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Lady Day at Emerson's Bar and Grill, Wyndham's Theatre review – searing stuff | reviews, news & interviews

Lady Day at Emerson's Bar and Grill, Wyndham's Theatre review – searing stuff

Lady Day at Emerson's Bar and Grill, Wyndham's Theatre review – searing stuff

Audra McDonald's long-awaited West End debut deserves to take the town

Total immersion: Audra McDonald as Billie Holiday with Shelton Becton on pianoMarc Brenner

Broadway so frequently fetes its visiting Brits that it's nice when the honour is repaid. That said, it's difficult to imagine audiences anywhere remaining unmoved by Audra McDonald's occupancy – "performance" seems too mundane a word – of the wrecked glory that was Billie Holiday toward the last months of her life in the Lanie Robertson musical play, Lady Day at Emerson's Bar and Grill. A monologue fleshed out with three (excellent) musicians, one of whom doubles as a sounding board of sorts, Lady Day was originally intended to run in London this time last year when pregnancy unexpectedly intervened and McDonald's second daughter was born. 

But no wait is too long for acting of this calibre, which transcends ready-made definitions of impersonation to suggest a spiritual alignment whereby McDonald's vibrant presence fuses with Holiday's baleful essence to communicate the cracked majesty of an artist in decline. That Holiday, at 44, was younger when she died in 1959 than McDonald is now lends the actress's feral commitment to the role an added potency, asserting the timelessness of talent across a grievous divide. (McDonald won a record sixth Tony Award for Lady Day, and you can only wonder how many more lie in wait.) 

McDonald captures the mercurial nature of Lady Day

No one would pretend that Robertson's writing is as startling as the star performance it exists to showcase. On many an occasion, one can feel the expository machinery cranking into place: "Do you all know Artie Shaw?" this Holiday asks us, as if we should perhaps be taking notes in response. But for a play first premiered in 1986, Lady Day has shown a real durability across numerous locales and performers (Dawn Hope has taken on the part in various British stagings, from Derby to London), and one can see why.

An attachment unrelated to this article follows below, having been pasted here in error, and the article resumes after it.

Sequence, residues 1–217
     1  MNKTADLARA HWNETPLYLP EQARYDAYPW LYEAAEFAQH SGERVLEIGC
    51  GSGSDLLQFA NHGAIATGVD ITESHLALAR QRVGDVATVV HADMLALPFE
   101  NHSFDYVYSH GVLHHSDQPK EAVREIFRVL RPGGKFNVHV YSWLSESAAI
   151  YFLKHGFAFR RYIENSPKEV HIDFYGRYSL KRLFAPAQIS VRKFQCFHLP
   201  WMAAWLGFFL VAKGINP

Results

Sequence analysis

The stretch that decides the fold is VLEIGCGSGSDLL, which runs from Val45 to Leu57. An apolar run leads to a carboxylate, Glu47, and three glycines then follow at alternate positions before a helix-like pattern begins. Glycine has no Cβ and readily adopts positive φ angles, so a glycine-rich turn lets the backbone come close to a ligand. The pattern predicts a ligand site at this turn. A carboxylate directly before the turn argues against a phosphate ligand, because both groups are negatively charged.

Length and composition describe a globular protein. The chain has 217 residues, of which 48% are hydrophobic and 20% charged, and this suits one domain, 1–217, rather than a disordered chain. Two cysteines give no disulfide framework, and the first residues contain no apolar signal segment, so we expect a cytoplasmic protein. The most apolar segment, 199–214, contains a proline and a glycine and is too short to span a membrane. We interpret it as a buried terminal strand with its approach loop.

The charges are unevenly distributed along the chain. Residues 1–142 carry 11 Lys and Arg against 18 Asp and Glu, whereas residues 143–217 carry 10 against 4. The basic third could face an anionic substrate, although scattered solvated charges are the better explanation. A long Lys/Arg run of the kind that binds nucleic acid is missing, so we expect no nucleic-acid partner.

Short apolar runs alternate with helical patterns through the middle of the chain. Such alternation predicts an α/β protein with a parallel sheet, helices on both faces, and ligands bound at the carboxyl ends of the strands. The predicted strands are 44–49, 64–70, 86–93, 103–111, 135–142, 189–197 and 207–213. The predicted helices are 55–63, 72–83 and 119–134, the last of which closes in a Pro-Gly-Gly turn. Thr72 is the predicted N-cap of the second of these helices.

Cajoling one minute and envenomed the next, self-reproachful yet also enraged at the social and sexual iniquities of the world into which she was born Eleanora Fagan in 1915, Holiday and her back catalogue represent absolute catnip to kindred spirits, though I can't imagine anyone matching McDonald when it comes to both flat-out bravura and abiding empathy. 

Audra McDonald, Lady Day at Emerson's Bar and GrillTottering into view cocooned in white, looking both expectant and slightly addled, McDonald's Holiday commands attention as she announces her return to the "rat's ass" of Philadelphia, the self-described "new Billie now". What follows are 15 musical numbers interwoven with the sorrowful chronicle of a too-brief existence that found her raped at age 10 only for her subsequent musical prowess to coexist with time spent in prison, battling addictions, and fielding a racism that struck to her very core. "I knew a nice white person once," she remarks, Holiday's gifts at odds with a society that allowed her to play Carnegie Hall while restricting her choice of bathroom. "Bein' arrested in this country," Holiday notes with her signature downturned deadpan, "that's a coloured folks' tradition" – a sentence that could hardly linger more heavily in the air given the American landscape today. 

McDonald captures the mercurial nature of Lady Day, the moniker proffered by her friend and music partner Lester Young, alongside the shifts between confidence and despair, steeliness and that sidelong slide into the abyss that is there in every quavering note of such venerated numbers as "God Bless the Child" and "Strange Fruit". The irony of the casting on this occasion is that a ravishing, tonally lush soprano (McDonald's Broadway credits include a supreme Bess in a Broadway account of the Gershwins' opera) has been pressed into the service of someone whose own voice was a more reedy, wispier, even eerier instrument: beautiful, to be sure, but also dangerous to a degree that would never apply to McDonald in her own full-throated glory, which here is kept in deliberate check.

Instead, one is always aware in the American actor-turned-director Lonny Price's approach to the piece of McDonald as Holiday acting through song, as if somehow vocalising the ongoing requiem implicit in a query like Holiday's wrenching sucker punch near the end: "Ya ever hear a dead person sing?" There are moments of levity, not least when our heroine reappears after a brief absence, carrying a pooch that at the performance this reviewer caught couldn't refrain from a salivary ardour not seen since the many swoon-worthy dogs in The Curious Incident of the Dog in the Night-Time packed up West End shop and moved on. But as this Holiday staggers about Christopher Oram's apt embrace of a set, occasionally clutching at one or another playgoer for support, one clocks the surrender to misery that swallowed her whole, leaving the life force that is McDonald to ensure that Holiday's art sees another day. 

McDonald's vibrant presence fuses with Holiday's baleful essence to communicate the cracked majesty of an artist in decline

rating

Editor Rating: 
4
Average: 4 (1 vote)

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